• Apply ethical and legal principles to a business environment
  • Apply skills and knowledge in business math, economics, accounting, finance, and operations management needed to make sound business decisions
  • Apply knowledge in the fields of management, information systems, and marketing to different business environments
  • Apply fundamental business knowledge to the analysis of strengths, weaknesses, and potential improvements in a business enterprises
  • Conduct independent research relevant to business-related issues
  • Demonstrate the writing, presentation, research, and teamwork skills expected of a business school graduate at the bachelor level
  • Apply a global business perspective based on a knowledge of foreign business environments and cultures
Program Disclosure

Successful completion and attainment of National University degrees do not lead to automatic or immediate licensure, employment, or certification in any state/country. The University cannot guarantee that any professional organization or business will accept a graduate’s application to sit for any certification, licensure, or related exam for the purpose of professional certification.

Program availability varies by state. Many disciplines, professions, and jobs require disclosure of an individual’s criminal history, and a variety of states require background checks to apply to, or be eligible for, certain certificates, registrations, and licenses. Existence of a criminal history may also subject an individual to denial of an initial application for a certificate, registration, or license and/or result in the revocation or suspension of an existing certificate, registration, or license. Requirements can vary by state, occupation, and/or licensing authority.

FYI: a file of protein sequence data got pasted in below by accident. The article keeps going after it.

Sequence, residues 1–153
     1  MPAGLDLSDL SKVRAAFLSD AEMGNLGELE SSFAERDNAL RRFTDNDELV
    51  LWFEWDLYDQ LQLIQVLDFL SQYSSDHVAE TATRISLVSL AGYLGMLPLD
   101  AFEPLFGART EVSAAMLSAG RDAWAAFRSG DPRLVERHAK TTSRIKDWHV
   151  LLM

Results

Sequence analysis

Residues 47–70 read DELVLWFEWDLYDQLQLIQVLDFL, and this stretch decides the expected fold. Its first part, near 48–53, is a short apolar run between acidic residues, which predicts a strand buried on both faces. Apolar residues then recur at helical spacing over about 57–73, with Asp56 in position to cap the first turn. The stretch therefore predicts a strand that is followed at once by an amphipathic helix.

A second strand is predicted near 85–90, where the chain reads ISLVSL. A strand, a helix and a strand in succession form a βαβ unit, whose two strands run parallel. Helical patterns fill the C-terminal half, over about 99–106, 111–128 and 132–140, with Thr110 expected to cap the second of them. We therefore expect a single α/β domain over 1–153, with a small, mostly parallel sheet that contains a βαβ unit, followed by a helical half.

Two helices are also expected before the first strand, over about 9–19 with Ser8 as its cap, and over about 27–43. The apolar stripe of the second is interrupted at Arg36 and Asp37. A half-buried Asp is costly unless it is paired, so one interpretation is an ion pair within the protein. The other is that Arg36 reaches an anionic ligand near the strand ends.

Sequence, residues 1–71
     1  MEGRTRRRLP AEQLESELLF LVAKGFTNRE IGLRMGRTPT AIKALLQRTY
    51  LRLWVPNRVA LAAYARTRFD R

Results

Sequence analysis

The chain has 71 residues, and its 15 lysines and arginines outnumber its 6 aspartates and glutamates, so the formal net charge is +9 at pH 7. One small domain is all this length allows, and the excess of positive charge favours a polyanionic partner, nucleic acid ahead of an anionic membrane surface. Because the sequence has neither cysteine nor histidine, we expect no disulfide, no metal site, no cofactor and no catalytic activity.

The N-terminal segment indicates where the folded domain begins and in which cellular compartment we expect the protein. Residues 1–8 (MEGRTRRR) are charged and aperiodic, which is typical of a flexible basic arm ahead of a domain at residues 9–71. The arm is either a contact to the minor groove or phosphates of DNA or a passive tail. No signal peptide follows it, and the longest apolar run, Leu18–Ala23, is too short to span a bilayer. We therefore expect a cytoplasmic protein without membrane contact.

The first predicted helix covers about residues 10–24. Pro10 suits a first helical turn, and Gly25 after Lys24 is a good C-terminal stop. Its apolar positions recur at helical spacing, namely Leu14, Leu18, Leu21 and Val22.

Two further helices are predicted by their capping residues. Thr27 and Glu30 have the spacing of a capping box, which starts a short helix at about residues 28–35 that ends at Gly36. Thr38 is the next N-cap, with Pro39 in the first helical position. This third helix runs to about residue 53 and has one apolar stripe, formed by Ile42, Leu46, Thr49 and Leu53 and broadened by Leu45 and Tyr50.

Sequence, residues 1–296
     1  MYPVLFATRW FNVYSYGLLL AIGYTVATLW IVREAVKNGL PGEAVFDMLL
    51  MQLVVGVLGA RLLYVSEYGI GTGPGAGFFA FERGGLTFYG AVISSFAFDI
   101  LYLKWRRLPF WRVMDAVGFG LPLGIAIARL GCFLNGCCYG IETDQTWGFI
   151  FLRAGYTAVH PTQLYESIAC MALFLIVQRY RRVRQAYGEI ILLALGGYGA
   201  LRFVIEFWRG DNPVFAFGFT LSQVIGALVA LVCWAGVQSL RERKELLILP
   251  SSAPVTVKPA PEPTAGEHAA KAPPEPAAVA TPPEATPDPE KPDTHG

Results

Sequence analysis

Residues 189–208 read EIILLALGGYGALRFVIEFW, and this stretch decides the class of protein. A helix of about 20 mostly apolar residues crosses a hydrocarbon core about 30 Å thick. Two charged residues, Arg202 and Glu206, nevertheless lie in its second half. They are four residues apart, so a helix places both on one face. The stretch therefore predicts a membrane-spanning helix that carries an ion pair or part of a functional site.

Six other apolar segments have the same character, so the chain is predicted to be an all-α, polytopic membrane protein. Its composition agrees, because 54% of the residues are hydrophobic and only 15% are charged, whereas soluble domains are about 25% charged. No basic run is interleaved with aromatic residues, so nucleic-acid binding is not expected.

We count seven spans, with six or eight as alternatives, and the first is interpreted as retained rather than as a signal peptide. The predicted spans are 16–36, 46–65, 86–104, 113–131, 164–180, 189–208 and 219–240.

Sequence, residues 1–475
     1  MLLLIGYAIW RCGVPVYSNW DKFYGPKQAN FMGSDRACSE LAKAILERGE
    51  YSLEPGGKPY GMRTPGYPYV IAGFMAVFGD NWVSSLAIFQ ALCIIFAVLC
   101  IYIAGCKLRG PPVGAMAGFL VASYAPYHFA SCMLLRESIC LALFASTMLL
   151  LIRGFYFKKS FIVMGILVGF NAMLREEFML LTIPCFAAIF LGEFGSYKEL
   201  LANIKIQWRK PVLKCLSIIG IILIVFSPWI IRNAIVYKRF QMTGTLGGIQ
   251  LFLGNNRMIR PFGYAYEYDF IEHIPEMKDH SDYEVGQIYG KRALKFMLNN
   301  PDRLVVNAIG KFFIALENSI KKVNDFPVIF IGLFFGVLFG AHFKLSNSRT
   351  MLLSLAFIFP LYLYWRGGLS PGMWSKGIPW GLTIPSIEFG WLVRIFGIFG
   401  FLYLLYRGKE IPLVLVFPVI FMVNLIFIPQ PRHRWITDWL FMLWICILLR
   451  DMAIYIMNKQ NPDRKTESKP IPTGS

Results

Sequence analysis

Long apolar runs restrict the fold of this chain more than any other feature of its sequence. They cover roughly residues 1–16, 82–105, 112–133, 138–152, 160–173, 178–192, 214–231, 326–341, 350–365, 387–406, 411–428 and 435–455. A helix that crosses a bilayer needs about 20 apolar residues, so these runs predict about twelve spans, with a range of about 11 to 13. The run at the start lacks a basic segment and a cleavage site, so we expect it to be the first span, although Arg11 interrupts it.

NU graduates will be subject to additional requirements on a program, certification/licensure, employment, and state-by-state basis that can include one or more of the following items: internships, practicum experience, additional coursework, exams, tests, drug testing, earning an additional degree, and/or other training/education requirements.

All prospective students are advised to review employment, certification, and/or licensure requirements in their state, and to contact the certification/licensing body of the state and/or country where they intend to obtain certification/licensure to verify that these courses/programs qualify in that state/country, prior to enrolling. Prospective students are also advised to regularly review the state’s/country’s policies and procedures relating to certification/licensure, as those policies are subject to change.

National University degrees do not guarantee employment or salary of any kind. Prospective students are strongly encouraged to review desired job positions to review degrees, education, and/or training required to apply for desired positions. Prospective students should monitor these positions as requirements, salary, and other relevant factors can change over time.